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Intranasal Corticosteroids Are More Effective than Oral Antihistamines for Treatment of Intermittent Seasonal Allergic Rhinitis


  • 11y/o girl presents for management of seasonal allergic rhinitis. For children with intermittent seasonal allergic rhinitis, is the use of as-needed nasal corticosteroid more effective than the use of as-needed oral antihistamine?

Clinical Bottom Lines

  1. The use of as-needed intranasal corticosteroids provides more effective symptom relief and more reduction of allergic inflammation compared to the use of as-needed oral antihistamines in patients with seasonal allergic rhinitis.
  2. Only published studies are with data from adult patients. Difficult to know if conclusions can be applied to children.

Summary of Key Evidence

  1. Randomized, open-label, parallel-group study comparing the use of as-needed intranasal Flonase vs. oral Claritin.1
  2. Study design:
    · 88 patients with seasonal allergic rhinitis and positive skin test to ragweed.
    · Exclusion criteria: perennial rhinitis; cardiovascular disease; nasal polyps; deviated nasal septum; use of corticosteroids, antihistamines, decongestants, or cromolyn within 2 weeks; immunotherapy within 2 years.
    · Patients randomized to use either Flonase nasal spray (100mcg each nostril) or Claritin (10mg po) on an as-needed basis.
    · No rescue medications allowed.
    · Patients were evaluated at start of study, 2 weeks, and 4 weeks. At each visit, they completed the Rhinoconjunctivitis Quality of Life Questionnaire (RQLQ) and underwent nasal lavage to measure total eosinophil count and eosinophil cationic protein (ECP). Patients also recorded symptoms (rhinorrhea, congestion, sneezing, itchy eyes on scale of 0 to 3) in a diary twice daily throughout the study.
  3. Outcome measures: RQLQ score, daily symptom diary scores, number of eosinophils and level of ECP in nasal lavage samples.
  4. Results: In comparison to those taking Claritin, patients taking Flonase had:
    · Better scores in the activity, sleep, practical, nasal, and overall categories of the RQLQ (P < 0.05).
    · Lower median total daily symptom scores (4.0 vs. 7.0, P < 0.01).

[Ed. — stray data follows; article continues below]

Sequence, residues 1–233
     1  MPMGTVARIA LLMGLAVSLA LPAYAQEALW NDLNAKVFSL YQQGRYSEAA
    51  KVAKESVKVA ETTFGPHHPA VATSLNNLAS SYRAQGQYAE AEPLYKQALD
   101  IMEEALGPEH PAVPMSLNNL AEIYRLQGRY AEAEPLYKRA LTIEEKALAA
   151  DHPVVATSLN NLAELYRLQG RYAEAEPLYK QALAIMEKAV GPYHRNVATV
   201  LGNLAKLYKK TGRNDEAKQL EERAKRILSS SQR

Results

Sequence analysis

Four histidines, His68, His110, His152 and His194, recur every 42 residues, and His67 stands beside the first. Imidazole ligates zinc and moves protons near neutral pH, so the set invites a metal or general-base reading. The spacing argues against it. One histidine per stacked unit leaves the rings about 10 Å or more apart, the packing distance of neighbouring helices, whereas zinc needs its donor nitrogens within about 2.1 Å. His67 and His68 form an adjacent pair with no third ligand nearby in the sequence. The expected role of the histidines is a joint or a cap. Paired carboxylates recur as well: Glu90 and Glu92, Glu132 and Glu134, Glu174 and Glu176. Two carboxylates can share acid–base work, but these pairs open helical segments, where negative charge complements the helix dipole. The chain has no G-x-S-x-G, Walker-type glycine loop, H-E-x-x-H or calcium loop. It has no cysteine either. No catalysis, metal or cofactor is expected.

· Fewer eosinophils and lower ECP levels in their nasal lavages (P = 0.001).1
  5. Validity:
    · Randomized clinical trial, groups similar at baseline, sufficient follow-up.
    · However, was not double-blinded and unclear if intention to treat analysis used.
  6. Limitations:
    · No actual numbers provided for RQLQ scores.
    · Only number provided for daily symptom scores was the median total symptom score at day 28.
    · Possibility of individual bias because patients were not blinded.

Additional Comments

  • Intranasal corticosteroids are the most effective medication class controlling symptoms of allergic rhinitis.2
  • Topical nasal steroids are more effective than cromolyn and second generation antihistamines in treating allergic rhinitis.3
  • It is well-established that regular use (or initiation of use several days prior to known exposure) is superior to as-needed use of intranasal steroids, however patients with mild or episodic allergic rhinitis may choose to medicate only on an as-needed basis.1
  • Patients who take medications for their allergies as needed (i.e. after the initial onset of symptoms) are essentially treating the late phase of the allergic response, for which corticosteroids are superior compared to antihistamines.4
  • Onset of action for intranasal corticosteroids typically around 12 hours, so may still need to combine with oral antihistamine at least on day 1 of symptoms.
  • More cost effective to use intranasal corticosteroids, as they are less expensive than antihistamines.1
  • Patients all > 18 y/o. However, Allergy is a combined pediatric and adult subspecialty, and data from adult studies is frequently extrapolated to the pediatric population. In addition, a previous study in adolescents with seasonal allergic rhinitis found that regular, daily use of Flonase was more efficacious than regular, daily use of Claritin.5
  • Study partially funded by Glaxo Wellcome, manufacturer of Flonase.


  1. Kaszuba SM, et al. Superiority of an intranasal corticosteroid compared with an oral antihistamine in the as-needed treatment of seasonal allergic rhinitis. Arch Int Med 2001; 161: 2581-7.
  2. Dykewicz MS, Fineman S, Skoner DP. Joint Task Force Summary Statements on Diagnosis and Management of Rhinitis. Joint Council of Allergy, Asthma and Immunology. November 1998.
  3. deShazo RD, Kemp SF. Management of Allergic Rhinitis. UpToDate, May 2002.
  4. Naclerio RM. Allergic rhinitis. N Engl J Med 1991; 325(12): 860-9.
  5. Jordana G, et al. Intranasal fluticasone proprionate versus loratadine in the treatment of adolescent patients with seasonal allergic rhinitis. Journal of Allergy and Clinical Immunology 1996; 97(2): 588-97.

CAT Author: Emily Chou, MD

CAT Appraisers: John G. Frohna, MD, MPH and Robert Schumacher, MD

Date appraised: August 12, 2002

Last updated June 15, 2003
Department of Pediatrics and Communicable Diseases
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